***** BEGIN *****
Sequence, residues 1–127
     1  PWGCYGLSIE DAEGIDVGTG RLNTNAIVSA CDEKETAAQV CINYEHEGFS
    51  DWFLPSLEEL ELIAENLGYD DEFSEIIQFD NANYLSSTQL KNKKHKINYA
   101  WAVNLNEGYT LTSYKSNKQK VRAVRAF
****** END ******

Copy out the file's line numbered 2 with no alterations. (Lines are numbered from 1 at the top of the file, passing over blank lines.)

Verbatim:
     1  PWGCYGLSIE DAEGIDVGTG RLNTNAIVSA CDEKETAAQV CINYEHEGFS